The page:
The easiest and most effective way to name the Wikipedia biographies of all royal people would be to use the format
- [Name] of [Country] ([year])
where the year is the year that the person became royal of that country, by birth, marriage or appointment.
For sovereigns with numerals - Gustav III of Sweden (1771) - the year of ascension to that throne (when he began to be counted as the third) would be a good idea.
The country where a person was royal the longest - that includes everyone who is/was royal of... a country - should be used when multiple countries are involved in the same person's life story.
This system would avoid the use of titles in the article names, which is always inappropriate and should not be used only for royals, excluding Doctor So-and-So, Senator Whozeewhat and millions of other titled persons.
My opinion regarding article titles in English for pre-20th-century Swedish royalty
It seems to me that it is far more important for us to use legitimate and phonetically viable English-language name forms in titling articles (called exonyms as per guideline) than to count usage elsewhere in each and every case. Obviously, the older lesser-known royals of Sweden rarely, if ever, have been written about before in English by native-English-speakers, rather they have been covered in English usually, if at all, by Swedes with (1) little or no knowledge of the legitimate English name forms they could/should have used; and/or (2) with little or no interest in researching such things to do a better job; and/or (3) with some interest in promoting the use of Swedish phonetics in English at the dire expense of the English reader, who knows no Swedish and thus experiences only phonetic bewilderment and nonsense.
I feel confident that known and respected authorities (to me at least) like Debrett's and Burke's Peerage would agree with our always using legitimate English name forms (pre-1900) without ever tallying up what Swedes have written and used.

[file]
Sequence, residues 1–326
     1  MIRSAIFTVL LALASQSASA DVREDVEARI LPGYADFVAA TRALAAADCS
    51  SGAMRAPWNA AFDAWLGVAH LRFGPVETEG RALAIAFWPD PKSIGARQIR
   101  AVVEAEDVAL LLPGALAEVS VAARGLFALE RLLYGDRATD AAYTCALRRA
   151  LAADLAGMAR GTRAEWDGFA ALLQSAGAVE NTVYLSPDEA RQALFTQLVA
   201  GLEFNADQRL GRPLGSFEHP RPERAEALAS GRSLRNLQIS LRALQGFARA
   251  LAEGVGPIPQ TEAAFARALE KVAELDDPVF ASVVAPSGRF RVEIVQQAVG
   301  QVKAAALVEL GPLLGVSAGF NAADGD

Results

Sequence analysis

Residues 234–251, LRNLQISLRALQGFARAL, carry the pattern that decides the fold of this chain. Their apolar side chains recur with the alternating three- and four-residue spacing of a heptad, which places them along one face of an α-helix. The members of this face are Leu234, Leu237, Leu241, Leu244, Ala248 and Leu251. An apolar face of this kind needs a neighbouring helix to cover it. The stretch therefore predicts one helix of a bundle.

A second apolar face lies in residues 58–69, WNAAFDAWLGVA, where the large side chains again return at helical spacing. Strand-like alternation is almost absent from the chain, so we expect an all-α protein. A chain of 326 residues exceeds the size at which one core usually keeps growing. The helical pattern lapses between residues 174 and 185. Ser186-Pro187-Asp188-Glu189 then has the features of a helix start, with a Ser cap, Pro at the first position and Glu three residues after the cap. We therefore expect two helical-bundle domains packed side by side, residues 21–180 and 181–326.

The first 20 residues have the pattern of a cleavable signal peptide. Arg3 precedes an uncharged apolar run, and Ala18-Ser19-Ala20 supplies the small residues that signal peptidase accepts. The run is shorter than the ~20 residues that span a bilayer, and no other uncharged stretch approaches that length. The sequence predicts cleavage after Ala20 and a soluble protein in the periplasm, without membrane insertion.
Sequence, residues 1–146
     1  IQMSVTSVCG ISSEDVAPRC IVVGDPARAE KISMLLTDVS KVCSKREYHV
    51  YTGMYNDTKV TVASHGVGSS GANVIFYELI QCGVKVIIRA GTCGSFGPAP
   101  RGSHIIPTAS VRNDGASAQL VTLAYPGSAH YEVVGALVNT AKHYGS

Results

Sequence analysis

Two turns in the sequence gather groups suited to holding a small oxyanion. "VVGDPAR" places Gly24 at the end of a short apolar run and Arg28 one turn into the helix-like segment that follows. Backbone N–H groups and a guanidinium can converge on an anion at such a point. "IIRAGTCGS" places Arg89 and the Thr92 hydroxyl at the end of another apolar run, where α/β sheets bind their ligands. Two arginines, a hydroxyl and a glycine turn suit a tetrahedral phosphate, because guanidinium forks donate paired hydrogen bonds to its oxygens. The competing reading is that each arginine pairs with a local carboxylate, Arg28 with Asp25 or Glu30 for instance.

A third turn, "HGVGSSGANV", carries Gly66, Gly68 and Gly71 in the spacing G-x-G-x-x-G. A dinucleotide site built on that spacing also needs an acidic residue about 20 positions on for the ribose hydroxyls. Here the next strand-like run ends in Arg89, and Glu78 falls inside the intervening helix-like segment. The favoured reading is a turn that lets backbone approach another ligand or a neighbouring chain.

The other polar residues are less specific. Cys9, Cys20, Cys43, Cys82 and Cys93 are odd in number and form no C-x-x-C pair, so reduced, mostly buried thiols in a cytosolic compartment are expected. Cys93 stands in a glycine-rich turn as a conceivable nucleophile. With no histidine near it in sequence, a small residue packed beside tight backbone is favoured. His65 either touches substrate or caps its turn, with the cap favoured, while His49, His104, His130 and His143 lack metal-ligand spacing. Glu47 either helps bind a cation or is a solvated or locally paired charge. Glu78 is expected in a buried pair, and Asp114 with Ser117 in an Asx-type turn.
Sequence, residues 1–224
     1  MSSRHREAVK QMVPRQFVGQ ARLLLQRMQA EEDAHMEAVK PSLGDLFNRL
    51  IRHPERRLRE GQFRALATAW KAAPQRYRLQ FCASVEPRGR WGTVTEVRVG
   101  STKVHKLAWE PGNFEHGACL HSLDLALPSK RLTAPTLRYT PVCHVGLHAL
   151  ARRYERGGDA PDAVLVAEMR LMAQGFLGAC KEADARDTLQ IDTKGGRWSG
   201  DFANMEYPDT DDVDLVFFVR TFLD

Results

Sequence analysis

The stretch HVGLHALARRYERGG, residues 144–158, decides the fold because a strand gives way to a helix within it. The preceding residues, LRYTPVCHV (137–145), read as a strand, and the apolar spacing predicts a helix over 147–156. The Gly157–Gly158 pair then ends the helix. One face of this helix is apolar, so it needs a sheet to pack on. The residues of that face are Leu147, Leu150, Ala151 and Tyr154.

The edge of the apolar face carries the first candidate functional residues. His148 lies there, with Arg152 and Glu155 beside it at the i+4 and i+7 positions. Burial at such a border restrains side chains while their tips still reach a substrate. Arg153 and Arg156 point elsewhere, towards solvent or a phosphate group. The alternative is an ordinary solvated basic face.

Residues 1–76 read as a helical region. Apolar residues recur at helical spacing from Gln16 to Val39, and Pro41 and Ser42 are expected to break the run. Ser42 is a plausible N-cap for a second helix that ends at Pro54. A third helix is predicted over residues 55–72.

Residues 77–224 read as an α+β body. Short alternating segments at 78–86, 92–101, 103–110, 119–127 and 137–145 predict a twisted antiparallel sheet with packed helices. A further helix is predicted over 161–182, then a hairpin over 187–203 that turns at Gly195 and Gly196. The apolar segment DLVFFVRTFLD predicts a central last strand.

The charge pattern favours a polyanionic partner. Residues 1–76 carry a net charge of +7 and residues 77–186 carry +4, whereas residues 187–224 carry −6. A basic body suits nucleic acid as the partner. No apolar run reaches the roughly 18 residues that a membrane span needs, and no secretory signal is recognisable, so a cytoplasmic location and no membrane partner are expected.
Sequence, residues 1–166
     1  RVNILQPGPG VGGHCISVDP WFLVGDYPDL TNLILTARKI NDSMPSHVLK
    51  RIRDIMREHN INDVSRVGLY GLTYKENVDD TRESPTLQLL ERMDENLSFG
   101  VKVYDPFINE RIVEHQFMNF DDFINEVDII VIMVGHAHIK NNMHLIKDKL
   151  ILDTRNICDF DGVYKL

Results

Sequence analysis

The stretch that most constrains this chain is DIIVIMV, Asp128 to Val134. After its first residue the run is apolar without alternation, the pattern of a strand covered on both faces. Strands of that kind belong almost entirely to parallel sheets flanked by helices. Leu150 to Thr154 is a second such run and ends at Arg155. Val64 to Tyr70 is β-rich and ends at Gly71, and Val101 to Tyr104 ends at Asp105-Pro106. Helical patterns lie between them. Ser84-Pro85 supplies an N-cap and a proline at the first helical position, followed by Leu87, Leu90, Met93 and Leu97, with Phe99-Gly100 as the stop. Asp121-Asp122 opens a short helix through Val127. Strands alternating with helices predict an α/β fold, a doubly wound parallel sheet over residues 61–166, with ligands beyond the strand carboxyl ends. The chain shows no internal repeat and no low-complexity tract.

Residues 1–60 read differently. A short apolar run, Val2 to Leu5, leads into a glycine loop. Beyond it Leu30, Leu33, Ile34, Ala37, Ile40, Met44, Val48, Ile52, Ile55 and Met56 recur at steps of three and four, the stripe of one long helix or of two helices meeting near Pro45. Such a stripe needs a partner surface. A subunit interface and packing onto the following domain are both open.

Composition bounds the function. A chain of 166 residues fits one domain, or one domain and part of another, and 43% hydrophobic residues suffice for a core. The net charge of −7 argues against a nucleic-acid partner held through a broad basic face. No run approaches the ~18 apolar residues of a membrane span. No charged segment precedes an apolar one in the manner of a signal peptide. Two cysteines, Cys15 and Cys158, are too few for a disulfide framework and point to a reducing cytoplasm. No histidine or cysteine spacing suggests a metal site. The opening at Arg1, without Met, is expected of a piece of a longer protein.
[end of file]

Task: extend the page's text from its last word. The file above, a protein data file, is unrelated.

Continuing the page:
Exceptions such as Carl rather than Charles
Exceptions from obsolete tradition should be any names which once, when history was written in English, were always translated by standard, but today have become just as English on their own: Carl (the name of the current King) not Charles, Maria not Mary, Anna not Anne.
My opinion regarding consistent article titles for all queens consort and princesses consort
There is already accepted policy in place here at en.WP, it seems by overwhelming (?) consensus, that the article titles of these women should show only what they were called before they married male royals of other countries and, as consorts, became queens or princesses of them. The policy is bad. It is a naming practice which usually robs these women of the only claim to fame for which they are notable and relevant to us here. Sort of like listing Marilyn mainly as Norma Jean Baker or Garbo only as Greta Lovisa Gustafsson or Margaret Thatcher only as Margaret Roberts or Hillary Rodham Clinton only as Hillary Rodham. Silvia of Sweden, Queen is a highly notable person whereas Silvia Sommerlath was an Olympic hostess of no significance whatsoever to an encyclopedia. The same was true of her immediate predecessor Louise of Sweden, Queen who only was Louise Mountbatten before her marriage, having originally been Louise of Battenberg, in both latter cases a so-called minor German princess of little or no interest to anyone other than her own immediate acquaintances. She did have one namesake, who however was Louise of Sweden and Norway, Queen. Other comparable cases in the position, such as the many named Catherine, should very usefully be called Catherine of Sweden, Queen (1531-1535) and Catherine of Sweden, Queen (1568-1569) and so on.